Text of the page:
Can Henrico solve Short Pump’s traffic problems?
The county hopes to remedy some safety and congestion concerns in the area.
The Federal Highway Administration approved Henrico County’s plan to address safety and traffic congestion in the Short Pump area, Now, the county begins the necessary design and environment studies to continue the project.
Henrico could spend between $200 million and $300 million to transform multiple traffic interchanges along Interstate 64 in Western Henrico, including a new diamond-shaped junction at North Gayton Road and modifications at West Broad Street.
Those on- and exit-ramp areas alone see an average of 5,000 to 6,000 road users each day, according to the Virginia Department of Transportation’s most recent traffic data. The interstate has around 66,000 to 90,000 users daily.
During a June press conference, Three Chopt Supervisor Tommy Branin described these changes as “life saving.”
“If you've ever driven in Western Henrico, you know there's a little too many crashes and too much traffic,” Branin said. “These problems have challenged us in Henrico for over 20 years.”
Branin said the new traffic patterns will address long-standing concerns from residents and business owners in the area about routine congestion and accidents.
In fact, Lt. Col. Michael Palkovics of the Henrico Police Division told VPM News that the county has recorded seven deaths and more than 1,000 crashes in both areas over the past five years.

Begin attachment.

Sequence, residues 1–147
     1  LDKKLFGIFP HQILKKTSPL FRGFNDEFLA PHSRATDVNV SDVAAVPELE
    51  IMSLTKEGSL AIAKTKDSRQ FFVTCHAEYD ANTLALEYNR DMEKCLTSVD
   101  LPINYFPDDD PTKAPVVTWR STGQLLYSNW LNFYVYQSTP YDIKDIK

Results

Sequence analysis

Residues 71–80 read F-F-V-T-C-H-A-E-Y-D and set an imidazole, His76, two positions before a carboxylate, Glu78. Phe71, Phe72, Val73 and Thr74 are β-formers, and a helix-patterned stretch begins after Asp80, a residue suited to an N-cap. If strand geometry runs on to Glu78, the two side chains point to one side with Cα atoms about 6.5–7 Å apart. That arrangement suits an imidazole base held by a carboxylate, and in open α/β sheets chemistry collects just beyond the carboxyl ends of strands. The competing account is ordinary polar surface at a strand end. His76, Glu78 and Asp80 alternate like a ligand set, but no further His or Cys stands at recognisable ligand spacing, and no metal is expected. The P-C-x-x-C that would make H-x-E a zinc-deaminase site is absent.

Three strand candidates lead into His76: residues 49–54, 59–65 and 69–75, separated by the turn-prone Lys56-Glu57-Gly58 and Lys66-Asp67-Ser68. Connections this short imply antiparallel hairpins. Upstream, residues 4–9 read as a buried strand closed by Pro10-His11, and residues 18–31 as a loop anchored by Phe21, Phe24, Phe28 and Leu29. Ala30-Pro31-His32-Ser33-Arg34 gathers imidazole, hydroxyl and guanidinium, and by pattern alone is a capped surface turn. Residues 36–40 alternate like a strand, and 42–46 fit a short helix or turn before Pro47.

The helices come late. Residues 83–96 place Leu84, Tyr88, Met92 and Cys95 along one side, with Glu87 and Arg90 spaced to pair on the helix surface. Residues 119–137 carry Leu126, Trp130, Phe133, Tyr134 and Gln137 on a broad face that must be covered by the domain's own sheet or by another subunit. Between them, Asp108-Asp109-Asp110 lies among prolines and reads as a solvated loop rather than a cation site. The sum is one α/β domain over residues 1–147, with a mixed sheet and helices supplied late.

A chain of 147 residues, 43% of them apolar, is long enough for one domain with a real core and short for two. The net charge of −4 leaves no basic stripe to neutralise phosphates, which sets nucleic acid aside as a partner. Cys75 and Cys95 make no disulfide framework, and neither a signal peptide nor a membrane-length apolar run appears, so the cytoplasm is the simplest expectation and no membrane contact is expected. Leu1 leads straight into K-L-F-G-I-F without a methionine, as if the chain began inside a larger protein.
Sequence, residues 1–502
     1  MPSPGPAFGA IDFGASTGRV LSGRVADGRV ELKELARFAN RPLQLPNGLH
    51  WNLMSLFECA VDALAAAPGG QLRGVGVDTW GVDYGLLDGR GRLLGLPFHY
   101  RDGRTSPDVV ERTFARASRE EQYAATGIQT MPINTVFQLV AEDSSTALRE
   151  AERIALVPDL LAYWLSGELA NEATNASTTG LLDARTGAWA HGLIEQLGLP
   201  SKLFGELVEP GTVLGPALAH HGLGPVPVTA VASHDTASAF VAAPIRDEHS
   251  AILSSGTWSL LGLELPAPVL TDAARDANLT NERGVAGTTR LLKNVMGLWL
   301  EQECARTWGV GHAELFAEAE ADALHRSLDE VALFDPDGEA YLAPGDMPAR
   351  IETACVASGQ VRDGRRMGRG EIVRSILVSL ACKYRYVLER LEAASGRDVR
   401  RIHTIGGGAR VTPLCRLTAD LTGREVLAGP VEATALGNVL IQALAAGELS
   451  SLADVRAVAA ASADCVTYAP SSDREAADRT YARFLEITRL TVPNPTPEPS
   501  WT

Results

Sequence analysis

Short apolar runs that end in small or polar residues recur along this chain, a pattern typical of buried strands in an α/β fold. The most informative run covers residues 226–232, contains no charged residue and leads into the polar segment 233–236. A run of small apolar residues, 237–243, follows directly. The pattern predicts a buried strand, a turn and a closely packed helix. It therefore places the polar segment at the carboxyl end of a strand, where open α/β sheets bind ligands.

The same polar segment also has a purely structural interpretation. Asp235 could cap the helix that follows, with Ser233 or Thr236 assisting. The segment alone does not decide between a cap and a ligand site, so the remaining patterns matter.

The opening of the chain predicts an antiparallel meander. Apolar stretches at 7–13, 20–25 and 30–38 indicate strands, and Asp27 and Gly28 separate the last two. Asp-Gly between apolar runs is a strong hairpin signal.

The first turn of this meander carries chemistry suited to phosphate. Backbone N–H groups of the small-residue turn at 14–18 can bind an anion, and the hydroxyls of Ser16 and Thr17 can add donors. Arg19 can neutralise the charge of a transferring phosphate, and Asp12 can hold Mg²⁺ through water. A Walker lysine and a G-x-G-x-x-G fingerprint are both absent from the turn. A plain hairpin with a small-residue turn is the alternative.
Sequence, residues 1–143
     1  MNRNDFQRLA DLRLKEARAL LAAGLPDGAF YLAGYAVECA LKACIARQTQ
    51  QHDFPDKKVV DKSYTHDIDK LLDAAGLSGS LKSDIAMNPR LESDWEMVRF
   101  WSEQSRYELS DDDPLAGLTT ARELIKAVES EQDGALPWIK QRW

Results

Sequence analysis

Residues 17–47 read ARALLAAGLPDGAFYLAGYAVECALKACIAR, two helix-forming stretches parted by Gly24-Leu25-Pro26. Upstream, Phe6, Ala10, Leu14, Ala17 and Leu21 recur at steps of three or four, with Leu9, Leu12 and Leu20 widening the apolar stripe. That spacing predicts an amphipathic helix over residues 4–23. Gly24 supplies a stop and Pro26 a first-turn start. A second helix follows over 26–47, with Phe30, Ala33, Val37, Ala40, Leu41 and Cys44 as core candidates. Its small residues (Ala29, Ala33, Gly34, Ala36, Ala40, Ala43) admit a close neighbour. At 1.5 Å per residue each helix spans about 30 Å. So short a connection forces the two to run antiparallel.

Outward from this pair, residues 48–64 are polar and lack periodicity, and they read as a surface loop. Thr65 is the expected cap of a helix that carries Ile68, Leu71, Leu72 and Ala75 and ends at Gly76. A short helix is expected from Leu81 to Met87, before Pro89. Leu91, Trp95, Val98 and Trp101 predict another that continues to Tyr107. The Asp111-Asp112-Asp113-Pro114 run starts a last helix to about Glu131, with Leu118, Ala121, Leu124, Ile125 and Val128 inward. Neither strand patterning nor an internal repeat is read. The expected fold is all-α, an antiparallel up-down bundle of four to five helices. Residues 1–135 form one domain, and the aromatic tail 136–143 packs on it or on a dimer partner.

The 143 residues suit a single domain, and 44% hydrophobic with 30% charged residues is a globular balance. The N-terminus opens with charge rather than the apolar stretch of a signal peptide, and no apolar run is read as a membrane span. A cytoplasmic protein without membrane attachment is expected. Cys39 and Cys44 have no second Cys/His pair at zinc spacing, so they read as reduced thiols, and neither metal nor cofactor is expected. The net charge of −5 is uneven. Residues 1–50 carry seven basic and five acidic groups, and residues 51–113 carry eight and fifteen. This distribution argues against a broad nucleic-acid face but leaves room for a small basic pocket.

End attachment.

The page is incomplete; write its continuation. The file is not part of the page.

“This will improve efficiency, it will improve congestion — but most importantly, it's going to improve safety for everybody,” Palkovics said. “And we look forward to seeing the results … lower numbers, fewer calls for service and better safe driving.”
According to Branin, this undertaking would not be possible without the help of county administrators and state legislators who pushed the project along.
Public Works Director Terrell Hughes told VPM News it's been a team effort just to get to this preliminary stage.
“I've been involved in a number of projects, and I've never seen one really come together just like this one did,” Hughes said.
Before construction can start, Hughes and Henrico administrators will need to complete the design phase, environmental studies and develop a funding strategy.
Hughes said the county expects to spend the next two to three years refining its plans, acquiring the additional land needed for construction and securing funding for the project.
The next phase of studies will be funded by around $5 million from the Central Virginia Transportation Authority for advanced environmental assessments and design work.
From there, the county will engage area residents and develop a funding strategy. Hughes said he’s hoping Henrico’s continued work with its state representatives will help it compete for said funds.
Construction may begin as soon as 2026.